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To finance development, many poor countries have to take recourse to external loans. By itself this is not bad or dangerous because the debt can be used to , f. i., invest in infrastructure, raising the output of the economy.

But if loans are taken and given without considering the economic capacity of the debtor, the repayment could become a problem. In the 1970s and 1980s this led to the so called “Third World Debt Crisis”. Today we can observe a similar trend: Poor countries in Africa, Asia and Latin America have comparatively easy access to fresh money because low interest rates in the Global North make investments in the Global South very attractive.

Rules for responsible borrowing and lending are important since they make clear, that creditor and debtor share responsibility for the success of the lending operation.

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  • 22.3.2021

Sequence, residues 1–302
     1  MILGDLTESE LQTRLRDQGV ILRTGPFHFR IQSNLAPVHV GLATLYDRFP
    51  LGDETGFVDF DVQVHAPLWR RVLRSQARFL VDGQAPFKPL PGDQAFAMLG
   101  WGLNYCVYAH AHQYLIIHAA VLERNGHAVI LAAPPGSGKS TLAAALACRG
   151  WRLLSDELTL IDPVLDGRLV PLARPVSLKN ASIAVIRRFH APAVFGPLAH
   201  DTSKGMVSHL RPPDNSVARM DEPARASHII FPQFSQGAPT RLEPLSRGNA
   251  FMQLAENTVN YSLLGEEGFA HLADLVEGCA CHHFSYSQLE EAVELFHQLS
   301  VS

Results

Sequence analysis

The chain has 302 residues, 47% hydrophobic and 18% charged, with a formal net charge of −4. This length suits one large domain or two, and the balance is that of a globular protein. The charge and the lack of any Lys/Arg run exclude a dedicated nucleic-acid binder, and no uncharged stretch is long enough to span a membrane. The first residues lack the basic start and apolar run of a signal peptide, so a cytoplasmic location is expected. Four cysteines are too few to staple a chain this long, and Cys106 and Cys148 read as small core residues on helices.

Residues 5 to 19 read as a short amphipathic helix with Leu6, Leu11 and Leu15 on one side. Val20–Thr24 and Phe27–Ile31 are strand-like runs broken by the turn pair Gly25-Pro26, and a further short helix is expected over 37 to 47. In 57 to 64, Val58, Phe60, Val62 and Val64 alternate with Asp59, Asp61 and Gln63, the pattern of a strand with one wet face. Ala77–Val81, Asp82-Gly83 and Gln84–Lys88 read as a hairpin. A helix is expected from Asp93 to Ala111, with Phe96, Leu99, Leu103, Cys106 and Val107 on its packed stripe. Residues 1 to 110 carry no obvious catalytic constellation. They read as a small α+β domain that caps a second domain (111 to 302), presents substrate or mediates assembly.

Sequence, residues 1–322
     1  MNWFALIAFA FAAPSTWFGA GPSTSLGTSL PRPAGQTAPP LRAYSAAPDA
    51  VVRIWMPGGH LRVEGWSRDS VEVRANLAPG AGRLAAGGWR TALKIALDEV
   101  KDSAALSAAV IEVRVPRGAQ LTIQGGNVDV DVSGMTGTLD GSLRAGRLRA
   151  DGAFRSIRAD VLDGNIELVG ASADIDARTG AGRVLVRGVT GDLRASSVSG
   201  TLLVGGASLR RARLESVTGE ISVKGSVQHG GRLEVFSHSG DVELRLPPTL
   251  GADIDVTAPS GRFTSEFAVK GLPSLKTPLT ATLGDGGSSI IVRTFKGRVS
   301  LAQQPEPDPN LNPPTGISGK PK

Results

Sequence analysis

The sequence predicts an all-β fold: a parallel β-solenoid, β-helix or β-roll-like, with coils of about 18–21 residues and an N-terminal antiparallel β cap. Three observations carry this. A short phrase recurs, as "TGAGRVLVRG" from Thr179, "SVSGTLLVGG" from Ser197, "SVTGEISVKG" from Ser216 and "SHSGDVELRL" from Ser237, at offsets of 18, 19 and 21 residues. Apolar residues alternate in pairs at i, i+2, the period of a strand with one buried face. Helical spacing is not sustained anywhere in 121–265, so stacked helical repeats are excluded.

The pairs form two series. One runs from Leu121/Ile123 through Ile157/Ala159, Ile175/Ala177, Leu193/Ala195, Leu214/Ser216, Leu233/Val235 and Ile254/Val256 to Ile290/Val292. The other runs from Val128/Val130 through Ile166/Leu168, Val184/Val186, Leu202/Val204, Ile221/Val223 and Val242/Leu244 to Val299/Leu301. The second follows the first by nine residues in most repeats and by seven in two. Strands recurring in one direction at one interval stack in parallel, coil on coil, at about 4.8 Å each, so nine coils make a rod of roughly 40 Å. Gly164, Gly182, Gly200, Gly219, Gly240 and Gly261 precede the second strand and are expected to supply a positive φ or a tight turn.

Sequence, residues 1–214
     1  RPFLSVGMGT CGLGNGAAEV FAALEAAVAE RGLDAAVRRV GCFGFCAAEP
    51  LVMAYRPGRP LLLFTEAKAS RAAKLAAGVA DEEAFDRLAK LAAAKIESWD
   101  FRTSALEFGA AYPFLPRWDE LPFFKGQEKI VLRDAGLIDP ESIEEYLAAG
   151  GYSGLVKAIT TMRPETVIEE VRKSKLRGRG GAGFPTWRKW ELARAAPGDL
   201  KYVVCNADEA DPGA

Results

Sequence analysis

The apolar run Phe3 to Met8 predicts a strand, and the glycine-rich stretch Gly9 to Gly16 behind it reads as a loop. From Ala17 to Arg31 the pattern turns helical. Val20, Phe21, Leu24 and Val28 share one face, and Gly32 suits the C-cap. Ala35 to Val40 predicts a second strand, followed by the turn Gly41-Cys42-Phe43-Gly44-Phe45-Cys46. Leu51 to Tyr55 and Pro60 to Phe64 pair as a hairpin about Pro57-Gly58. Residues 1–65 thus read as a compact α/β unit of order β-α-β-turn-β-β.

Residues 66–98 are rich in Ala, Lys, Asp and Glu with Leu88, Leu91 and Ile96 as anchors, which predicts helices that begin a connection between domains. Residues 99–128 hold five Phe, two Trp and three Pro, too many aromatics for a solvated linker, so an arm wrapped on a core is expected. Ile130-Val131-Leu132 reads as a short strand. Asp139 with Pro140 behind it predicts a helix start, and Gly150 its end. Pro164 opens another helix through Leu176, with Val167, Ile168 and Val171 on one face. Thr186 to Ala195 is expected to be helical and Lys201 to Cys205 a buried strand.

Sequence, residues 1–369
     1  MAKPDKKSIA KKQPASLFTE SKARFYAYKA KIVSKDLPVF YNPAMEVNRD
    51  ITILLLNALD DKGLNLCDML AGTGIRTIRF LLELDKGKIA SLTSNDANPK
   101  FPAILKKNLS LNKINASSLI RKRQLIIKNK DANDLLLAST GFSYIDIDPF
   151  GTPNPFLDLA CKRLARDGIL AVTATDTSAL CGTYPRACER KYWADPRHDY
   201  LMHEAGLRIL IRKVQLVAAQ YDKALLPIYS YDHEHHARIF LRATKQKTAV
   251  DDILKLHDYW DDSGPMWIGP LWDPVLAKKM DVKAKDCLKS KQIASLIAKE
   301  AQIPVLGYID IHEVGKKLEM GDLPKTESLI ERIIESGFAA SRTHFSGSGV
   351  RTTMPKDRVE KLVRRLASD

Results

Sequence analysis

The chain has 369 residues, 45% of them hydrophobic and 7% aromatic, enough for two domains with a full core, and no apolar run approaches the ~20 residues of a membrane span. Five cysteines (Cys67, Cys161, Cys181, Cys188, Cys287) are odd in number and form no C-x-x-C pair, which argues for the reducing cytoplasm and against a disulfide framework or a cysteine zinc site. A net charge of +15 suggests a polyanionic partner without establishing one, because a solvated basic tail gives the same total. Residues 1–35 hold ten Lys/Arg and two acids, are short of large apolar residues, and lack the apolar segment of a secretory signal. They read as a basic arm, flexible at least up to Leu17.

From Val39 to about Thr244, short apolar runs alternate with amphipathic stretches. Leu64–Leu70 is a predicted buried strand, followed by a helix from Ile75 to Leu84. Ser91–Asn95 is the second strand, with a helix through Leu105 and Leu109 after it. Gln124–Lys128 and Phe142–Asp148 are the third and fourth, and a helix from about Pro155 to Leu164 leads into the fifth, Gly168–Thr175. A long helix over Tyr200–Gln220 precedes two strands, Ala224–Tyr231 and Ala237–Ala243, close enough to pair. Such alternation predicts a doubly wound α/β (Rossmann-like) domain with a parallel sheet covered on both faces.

Out now: Global Sovereign Debt Monitor 2021

    The coronavirus pandemic has further exacerbated the debt crisis in the Global South. Countries with low to middle incomes, whose economies were already unstable, are the most affected of all by the effects of recession, and their debt servicing ability has been substantially weakened. Download the full report here. At…

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  • 30.12.2020

    New educational material on sovereign debt and climate change

    As part of our 2020 campaign "Climate justice needs debt relief", erlassjahr.de produced four new educational activities on the complex topic of sovereign debt and climate change, targeted at pupils in secondary education (age 16 to 19). The activities complement the brochure "Debt crises affect people" (activities 1-12), published in…

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